First Test: Australia v New Zealand, Perth, day three
First innings: Australia 416, New Zealand 166
Second innings: Australia 9-217 dec, New Zealand 171
Australia has won the first Test in Perth after setting New Zealand 468 to win and then smashing through the tourists’ top order.
Mitchell Starc was the chief destroyer, taking 5-45, with Nathan Lyon chipping in for vital wickets and 3-63.
Black Caps opener Jeet Raval fell early when a rearing delivery from Mitchell Starc was popped up to Nathan Lyon at point, while Lyon followed up to remove the dangerous Kane Williamson for 14 with his first ball of the day.
After getting Williamson to pop up a ball to Matthew Wade at short leg, Lyon had a chance of a hat-trick having claimed the last wicket of the NZ first innings.
New Zealand steadied until 2-57, when Mitchell Starc broke through to dismiss Ross Taylor caught behind for 22, and the next over Lyon had Tom Latham dismissed lbw for 18 after a video review.
The home side had earlier looked to soak up time in the middle while the pitch baked, with Pat Cummins and Matthew Wade resuming on day four at 6-167, a lead of 417 runs.
But Cummins did not last long, caught by BJ Watling off the bowling of Neil Wagner for just 13, with the lead extended only to 430.
Soon after Wade went for 17, caught at deep square, off Colin de Grandhomme’s bowling.
He seemed to be caught between trying to hold on rather than score runs.
When Mitchell Starc was caught at third man for 23 off Tim Southee, Australian skipper Tim Paine decided against sending out injured bowler Josh Hazlewood.
Australia had collapsed on Saturday night under lights, with five wickets falling for 29 runs.
After his stellar Ashes series, Steve Smith’s lean spell this summer continued, raising questions about perhaps one weakness in his armoury – the short ball.
Smith fell again to a short delivery on Saturday night, with Neil Wagner forcing a shot to Southee for just 16.
The former skipper had entered the Australian summer having never gone three consecutive Tests without scoring a half-century during his entire career.
No other batsman in the game’s history who has averaged above 50 and has played 20 or more Tests has achieved such a feat.
Even the great Sir Donald Bradman went three straight Tests without a half-century in the 1934 Ashes – the only time in his career.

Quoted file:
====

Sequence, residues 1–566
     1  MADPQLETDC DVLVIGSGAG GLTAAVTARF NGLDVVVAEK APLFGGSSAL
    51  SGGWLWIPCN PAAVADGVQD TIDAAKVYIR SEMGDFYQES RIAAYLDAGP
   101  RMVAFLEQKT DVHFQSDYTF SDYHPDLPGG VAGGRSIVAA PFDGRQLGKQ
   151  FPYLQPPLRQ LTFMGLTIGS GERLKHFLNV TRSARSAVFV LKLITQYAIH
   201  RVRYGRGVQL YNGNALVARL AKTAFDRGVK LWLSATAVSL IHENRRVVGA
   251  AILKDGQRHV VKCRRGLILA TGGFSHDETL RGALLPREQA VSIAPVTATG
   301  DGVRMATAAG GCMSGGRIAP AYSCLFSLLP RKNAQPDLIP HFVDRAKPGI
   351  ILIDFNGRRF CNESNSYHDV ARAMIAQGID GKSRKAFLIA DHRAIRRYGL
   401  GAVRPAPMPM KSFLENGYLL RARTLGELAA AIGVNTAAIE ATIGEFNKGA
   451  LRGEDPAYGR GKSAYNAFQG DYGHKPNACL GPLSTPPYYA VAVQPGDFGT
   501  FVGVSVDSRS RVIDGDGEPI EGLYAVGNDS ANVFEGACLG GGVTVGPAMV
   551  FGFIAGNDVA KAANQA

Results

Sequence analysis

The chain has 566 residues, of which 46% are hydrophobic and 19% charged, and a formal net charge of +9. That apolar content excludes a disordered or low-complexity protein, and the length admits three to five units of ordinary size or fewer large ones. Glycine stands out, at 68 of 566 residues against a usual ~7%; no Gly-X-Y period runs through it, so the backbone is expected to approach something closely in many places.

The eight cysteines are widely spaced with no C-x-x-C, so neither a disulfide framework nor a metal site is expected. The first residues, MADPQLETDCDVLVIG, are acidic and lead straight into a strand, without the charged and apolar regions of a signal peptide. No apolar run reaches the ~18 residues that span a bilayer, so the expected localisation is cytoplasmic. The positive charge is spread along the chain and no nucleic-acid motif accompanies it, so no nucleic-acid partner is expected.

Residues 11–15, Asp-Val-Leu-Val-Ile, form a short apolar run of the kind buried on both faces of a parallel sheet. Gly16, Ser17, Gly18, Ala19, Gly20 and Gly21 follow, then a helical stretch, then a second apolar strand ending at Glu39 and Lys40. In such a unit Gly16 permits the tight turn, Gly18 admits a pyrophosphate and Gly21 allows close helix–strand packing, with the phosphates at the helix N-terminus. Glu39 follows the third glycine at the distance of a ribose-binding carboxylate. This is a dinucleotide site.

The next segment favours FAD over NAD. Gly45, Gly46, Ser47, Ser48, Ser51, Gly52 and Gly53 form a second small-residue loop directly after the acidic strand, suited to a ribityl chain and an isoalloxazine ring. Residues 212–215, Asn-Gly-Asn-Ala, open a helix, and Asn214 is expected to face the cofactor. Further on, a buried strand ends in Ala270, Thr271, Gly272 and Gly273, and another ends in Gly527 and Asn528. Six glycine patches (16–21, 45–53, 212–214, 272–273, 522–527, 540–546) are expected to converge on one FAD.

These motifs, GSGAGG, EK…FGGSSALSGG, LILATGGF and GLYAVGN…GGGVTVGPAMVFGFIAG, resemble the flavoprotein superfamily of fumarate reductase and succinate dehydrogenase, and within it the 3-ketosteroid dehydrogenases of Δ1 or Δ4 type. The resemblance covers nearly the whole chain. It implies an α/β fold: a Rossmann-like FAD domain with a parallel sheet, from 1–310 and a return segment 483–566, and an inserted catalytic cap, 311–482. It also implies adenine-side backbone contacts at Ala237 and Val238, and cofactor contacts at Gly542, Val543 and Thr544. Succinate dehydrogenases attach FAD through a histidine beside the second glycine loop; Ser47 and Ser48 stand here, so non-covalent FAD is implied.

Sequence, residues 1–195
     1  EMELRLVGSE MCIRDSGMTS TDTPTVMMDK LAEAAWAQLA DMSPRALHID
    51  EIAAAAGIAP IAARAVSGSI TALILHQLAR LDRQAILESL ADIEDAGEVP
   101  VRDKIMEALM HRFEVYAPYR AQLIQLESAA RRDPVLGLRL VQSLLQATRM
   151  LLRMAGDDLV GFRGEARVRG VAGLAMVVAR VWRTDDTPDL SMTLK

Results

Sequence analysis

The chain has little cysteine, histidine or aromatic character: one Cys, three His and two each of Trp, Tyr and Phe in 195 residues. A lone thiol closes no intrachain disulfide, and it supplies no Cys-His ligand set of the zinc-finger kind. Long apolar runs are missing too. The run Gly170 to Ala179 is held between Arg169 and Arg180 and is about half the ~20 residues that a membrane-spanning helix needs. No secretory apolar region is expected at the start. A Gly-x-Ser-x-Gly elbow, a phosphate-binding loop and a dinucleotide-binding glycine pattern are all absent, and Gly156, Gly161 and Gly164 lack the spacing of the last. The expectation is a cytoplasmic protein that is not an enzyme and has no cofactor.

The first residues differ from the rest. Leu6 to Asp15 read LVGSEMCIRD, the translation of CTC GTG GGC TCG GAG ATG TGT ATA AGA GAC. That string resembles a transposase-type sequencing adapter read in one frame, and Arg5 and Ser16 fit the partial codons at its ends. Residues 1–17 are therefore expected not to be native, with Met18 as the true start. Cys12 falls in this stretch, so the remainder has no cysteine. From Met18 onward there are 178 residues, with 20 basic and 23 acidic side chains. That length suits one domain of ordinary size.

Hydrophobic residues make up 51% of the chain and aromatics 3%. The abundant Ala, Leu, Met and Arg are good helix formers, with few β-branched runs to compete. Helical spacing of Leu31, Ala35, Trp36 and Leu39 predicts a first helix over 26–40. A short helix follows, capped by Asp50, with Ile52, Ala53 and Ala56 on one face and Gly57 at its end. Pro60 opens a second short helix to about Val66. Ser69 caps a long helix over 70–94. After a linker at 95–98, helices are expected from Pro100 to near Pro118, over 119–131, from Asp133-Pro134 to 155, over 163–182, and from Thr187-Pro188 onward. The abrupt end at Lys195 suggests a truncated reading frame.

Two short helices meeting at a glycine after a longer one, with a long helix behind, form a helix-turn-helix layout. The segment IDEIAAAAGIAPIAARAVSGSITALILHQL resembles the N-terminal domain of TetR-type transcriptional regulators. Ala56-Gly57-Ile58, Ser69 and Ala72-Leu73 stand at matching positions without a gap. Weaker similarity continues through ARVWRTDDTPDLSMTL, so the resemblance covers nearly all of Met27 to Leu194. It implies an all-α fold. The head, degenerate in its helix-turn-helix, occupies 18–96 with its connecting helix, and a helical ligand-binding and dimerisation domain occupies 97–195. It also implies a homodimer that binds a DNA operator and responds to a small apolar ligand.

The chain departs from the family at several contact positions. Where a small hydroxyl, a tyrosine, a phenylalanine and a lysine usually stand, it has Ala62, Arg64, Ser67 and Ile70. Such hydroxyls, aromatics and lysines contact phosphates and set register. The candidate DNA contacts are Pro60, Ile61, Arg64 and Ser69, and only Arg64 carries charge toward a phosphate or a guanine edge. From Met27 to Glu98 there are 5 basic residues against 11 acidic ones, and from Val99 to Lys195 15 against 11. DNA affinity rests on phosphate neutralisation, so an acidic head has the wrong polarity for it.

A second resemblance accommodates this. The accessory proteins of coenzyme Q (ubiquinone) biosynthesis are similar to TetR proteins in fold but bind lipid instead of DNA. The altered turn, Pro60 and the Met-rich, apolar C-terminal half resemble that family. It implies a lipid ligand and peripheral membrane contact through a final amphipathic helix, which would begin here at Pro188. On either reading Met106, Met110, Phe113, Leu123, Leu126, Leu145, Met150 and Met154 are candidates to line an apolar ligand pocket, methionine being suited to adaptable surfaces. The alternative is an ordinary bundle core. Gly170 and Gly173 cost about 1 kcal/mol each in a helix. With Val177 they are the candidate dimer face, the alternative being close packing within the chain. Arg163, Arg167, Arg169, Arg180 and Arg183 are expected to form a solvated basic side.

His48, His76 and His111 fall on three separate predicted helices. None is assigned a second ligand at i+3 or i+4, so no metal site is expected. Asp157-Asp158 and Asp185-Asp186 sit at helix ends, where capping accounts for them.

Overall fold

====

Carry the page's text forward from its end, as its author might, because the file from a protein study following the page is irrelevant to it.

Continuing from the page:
He responded by cracking 304 and 244 in his next two innings.
Smith was starved of opportunities in the 2-0 series win over Pakistan, scoring four and 36 in his only two digs.
It meant the pressure was on Smith to get back to his run-scoring ways in the day-night Test against NZ at Optus Stadium.
Smith scored a painstaking 43 off 164 balls in the first innings before falling to a leg trap when trying to pull Wagner.
And the 71-Test veteran was out for just 16 in the second dig, when he pulled Wagner to square leg.
The run of three straight Tests without a half-century is a far cry from his Ashes heroics, when he plundered 774 runs at an average of 110.6.
Smith is still viewed as the best batsman in the world despite his recent lean spell, but all eyes will be on him during the Boxing Day Test to see if he can end his drought of half-centuries.
Australian opener Joe Burns is also trying to regain his best form, and insists batters are getting more accustomed to facing the pink ball at night – even if the constant flow of wickets suggests otherwise.
Australia lost five wickets in the post-dinner session on Saturday night, after the Black Caps lost six under lights on Friday.
On average more than three wickets have been taken in each night session this summer, as opposed to 2.5 during the day.
Burns finally found some joy against the pink ball on Saturday night.
His 53 was his first half-century against it at Test level.
He also only averages 19.35 in 11 day-night first-class matches after enduring a tough run against the pink in the Sheffield Shield.
But the right-hander said that the more regularly batsmen come up against it, the easier it has become to face.
“I’ve certainly found this Test match, given the continuity we have had with the pink ball, it has become a lot easier to pick up,” Burns said.
It’s one of those things, the more you expose yourself to anything the easier it becomes. You’re really clear with how you want to play it.
“I don’t think here the night session becomes harder from a visibility or swing perspective. I think we have seen swing consistently through the day.
“I think it’s more the wickets where you get dew on the surface, in Adelaide and Brisbane, you find the wicket quickens up.”